The Third Murder [2018]: An Introspective, Jaded Exploration of the Truth

As I sit down to write about Hirokazu Kore-eda’s latest presentation, I’m reminded of Michael Haneke’s sensational attack on Spielberg’s 1993 Holocaust film, ‘Schindler’s List’. In a roundtable discussion about humanizing historical figures like Hitler and Bin Laden through films, the arthouse visionary from Austria didn’t hold back, labeling ‘Downfall’ as “repulsive and dumb”. Talking about ‘Schilder’s List’, Haneke said: “The idea, the mere idea of trying to draw and create suspense out of the question of whether out of the showerhead gas is going to come out or water, that to me is unspeakable. For me, the only film about Holocaust that, for me, is responsible as a filmmaker is Alan Resnais’ Night and Fog. Alan Resnais in the film asks the spectator; what do you think about this, what is your position, what does this mean to you?” While Haneke’s disapproval of Speilberg’s magnum opus seems to be a bit misdirected and overly harsh, his assessment of how a film should make the viewer feel is spot on.

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Kore-eda stands out as a distinguished figure in the world of contemporary cinema through his stellar, contemplative, and at times, contradictory musings about life. While he has certainly affirmed his position as one of the most important auteurs of his generation, The Third Murder does no justice to the Japanese filmmaker’s immense filmography. Kore-eda got the idea to direct a legal thriller after conversing with a lawyer friend about his experiences in court. The Third murder revolves around an ongoing murder case involving Takashi Misumi, a factory worker who confesses murdering his boss, who fired him earlier in the day, in cold-blood, and a contrasting trio of defense attorneys, who look to find ways to save him. As they progress with their investigation, stark revelations about Misumi are made which beseech the team to question his innocence.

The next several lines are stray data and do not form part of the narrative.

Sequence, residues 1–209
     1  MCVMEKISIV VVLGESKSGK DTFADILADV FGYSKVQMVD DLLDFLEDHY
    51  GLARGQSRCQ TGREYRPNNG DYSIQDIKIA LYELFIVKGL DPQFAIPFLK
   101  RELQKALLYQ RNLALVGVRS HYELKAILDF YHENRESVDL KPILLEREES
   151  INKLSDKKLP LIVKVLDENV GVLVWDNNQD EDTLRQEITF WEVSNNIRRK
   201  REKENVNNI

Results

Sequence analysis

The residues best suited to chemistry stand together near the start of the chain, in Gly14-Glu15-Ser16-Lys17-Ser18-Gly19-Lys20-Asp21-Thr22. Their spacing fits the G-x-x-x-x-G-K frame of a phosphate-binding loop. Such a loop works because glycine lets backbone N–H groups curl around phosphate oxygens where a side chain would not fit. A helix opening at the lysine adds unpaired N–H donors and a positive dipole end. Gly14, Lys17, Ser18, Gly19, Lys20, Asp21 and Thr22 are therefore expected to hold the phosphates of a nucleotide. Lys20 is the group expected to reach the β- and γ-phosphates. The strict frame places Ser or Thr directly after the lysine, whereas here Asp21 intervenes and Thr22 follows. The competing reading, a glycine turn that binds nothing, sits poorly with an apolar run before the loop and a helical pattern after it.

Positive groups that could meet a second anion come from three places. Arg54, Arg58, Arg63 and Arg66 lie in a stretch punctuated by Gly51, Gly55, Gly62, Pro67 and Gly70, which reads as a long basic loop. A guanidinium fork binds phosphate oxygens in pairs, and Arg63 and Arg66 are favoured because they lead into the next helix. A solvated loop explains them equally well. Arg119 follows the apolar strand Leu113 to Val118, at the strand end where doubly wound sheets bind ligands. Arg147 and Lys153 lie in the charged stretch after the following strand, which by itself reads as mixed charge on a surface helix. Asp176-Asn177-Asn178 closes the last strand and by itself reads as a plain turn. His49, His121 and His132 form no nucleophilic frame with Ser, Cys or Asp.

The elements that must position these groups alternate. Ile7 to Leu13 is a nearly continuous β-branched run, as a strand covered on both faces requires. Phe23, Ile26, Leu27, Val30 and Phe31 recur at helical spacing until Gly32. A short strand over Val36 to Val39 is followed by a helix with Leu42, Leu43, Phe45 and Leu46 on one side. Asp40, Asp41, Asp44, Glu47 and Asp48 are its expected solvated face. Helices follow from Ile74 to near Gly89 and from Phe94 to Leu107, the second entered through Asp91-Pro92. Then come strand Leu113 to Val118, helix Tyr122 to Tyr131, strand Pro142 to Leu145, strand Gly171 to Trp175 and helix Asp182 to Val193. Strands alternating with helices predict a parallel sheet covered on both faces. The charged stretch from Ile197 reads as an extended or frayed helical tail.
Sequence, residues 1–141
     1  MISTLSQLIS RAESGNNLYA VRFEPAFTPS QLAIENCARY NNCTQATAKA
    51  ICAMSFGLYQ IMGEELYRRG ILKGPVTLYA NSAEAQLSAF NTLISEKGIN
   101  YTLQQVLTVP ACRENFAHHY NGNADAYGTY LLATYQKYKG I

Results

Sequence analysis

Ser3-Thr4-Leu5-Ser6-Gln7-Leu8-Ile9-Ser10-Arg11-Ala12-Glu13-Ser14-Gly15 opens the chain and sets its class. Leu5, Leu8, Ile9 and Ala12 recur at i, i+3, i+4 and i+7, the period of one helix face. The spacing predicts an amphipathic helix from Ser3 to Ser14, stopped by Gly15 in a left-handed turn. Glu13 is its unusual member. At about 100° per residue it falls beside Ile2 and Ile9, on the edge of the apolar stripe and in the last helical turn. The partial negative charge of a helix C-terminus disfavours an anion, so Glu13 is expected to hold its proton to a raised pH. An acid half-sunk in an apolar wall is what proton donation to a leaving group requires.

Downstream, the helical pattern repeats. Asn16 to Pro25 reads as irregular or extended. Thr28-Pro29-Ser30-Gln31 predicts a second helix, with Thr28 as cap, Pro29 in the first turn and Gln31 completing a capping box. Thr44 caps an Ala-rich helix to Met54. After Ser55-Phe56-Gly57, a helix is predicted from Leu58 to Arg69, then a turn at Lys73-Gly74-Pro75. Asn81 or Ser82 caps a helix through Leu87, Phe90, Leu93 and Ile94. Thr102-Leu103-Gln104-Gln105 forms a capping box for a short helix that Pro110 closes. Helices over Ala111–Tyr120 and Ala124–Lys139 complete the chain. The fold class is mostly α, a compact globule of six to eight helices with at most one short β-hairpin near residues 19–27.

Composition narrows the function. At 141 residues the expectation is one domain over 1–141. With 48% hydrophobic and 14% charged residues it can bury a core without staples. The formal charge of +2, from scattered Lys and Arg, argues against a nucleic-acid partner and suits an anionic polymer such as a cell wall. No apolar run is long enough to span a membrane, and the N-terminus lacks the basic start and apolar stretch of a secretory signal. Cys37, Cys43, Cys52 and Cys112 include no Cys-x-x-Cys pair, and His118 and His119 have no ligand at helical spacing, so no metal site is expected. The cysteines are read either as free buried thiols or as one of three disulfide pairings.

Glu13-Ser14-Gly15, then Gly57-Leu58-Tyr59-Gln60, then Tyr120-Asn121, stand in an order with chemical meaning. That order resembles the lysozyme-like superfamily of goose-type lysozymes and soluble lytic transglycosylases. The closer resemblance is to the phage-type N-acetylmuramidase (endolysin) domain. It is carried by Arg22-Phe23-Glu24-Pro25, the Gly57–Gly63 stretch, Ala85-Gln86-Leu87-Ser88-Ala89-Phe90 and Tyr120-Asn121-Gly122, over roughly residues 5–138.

High On Films in collaboration with Avanté

Kore-eda’s nuanced understanding of life and its juxtaposed idea of truth and corruption make his work rewarding and enriching. As Haneke pointed out, a filmmaker’s true worth assumes form when his work compels you to challenge and question your beliefs about something you thought to be otherwise. The Third Murder poses a question with its compelling and intricately structured narrative that changes form throughout the runtime to the viewer and his assessment of the situation. The film manages to remain ambiguous with its characters and the situations they find themselves in. And that is the outstanding thing about the film. The 2008 film ‘Doubt’ also posed a similar question to the viewer regarding its position about Father Flynn’s innocence and the veracity of the fable weaved by the narrative. Kore-eda chooses not to supply the story with any reliable characters, whose intentions the viewer could trust or could back him to do the right thing.

This atmosphere of confusion and mistrust is what keeps the movie alive and interesting until the very end. Kore-eda’s previous works have centered around dysfunctional families and there’s a lot of evidence in this film as well. Shigemori and his father, the former and his daughter; it is almost contagious in this particular work. Despite what Kore-eda wants to do with the movie, it ends as easily predictable. The director tries a lot of different themes to fuel his loosely written screenplay and it ends as a chaotic mess. The film relies heavily on dialogue, which makes up most of the screentime. That is where Kore-eda is wrong-footed and loses control of his movie. The incompletely written characters, a failed attempt to enforce dynamic relationships between characters, and unrealistic plot twists prove to be the film’s undoing. Even though he injects life into the movie in the final half-an-hour of the movie, the adrenaline rush isn’t effective or strong enough to bear the undercurrents of the morbid first half.

As far as performances are concerned, Suzu Hirose and Koji Yakusho deliver resounding turns as grieving and broken individuals. As the movie progresses, Hirose grows as the most important cog in solving the mystery and shines in her stereotyped and contained role. The sporadic nature of her appearances on screen doesn’t help matters and forms a part of the incomplete characters Kore-eda wrote into the story. Koji’s Misumi can assuredly be deemed as the only character whose role in the narrative is uniform. His absurd confession of not committing the murder and the subsequent death row are the only events that spark emotion.

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Sadly enough, The Third Murder wouldn’t have been a matter of attention if it hadn’t come from such an accomplished figure. Kore-eda fails to conjure his usual magic and spews out a completely arbitrary, ordinary movie that will, unfortunately, prove to be a blemish on an outstanding career.



Director/Writer/Editor: Hirokazu Koreeda
Stars: Masaharu Fukuyama, Kôji Yakusho, Shinnosuke Mitsushima
Duration: 124 Minutes
Country: Japan
Language: Japanese
Music: Ludovico Einaudi
Cinematography: Mikiya Takimoto


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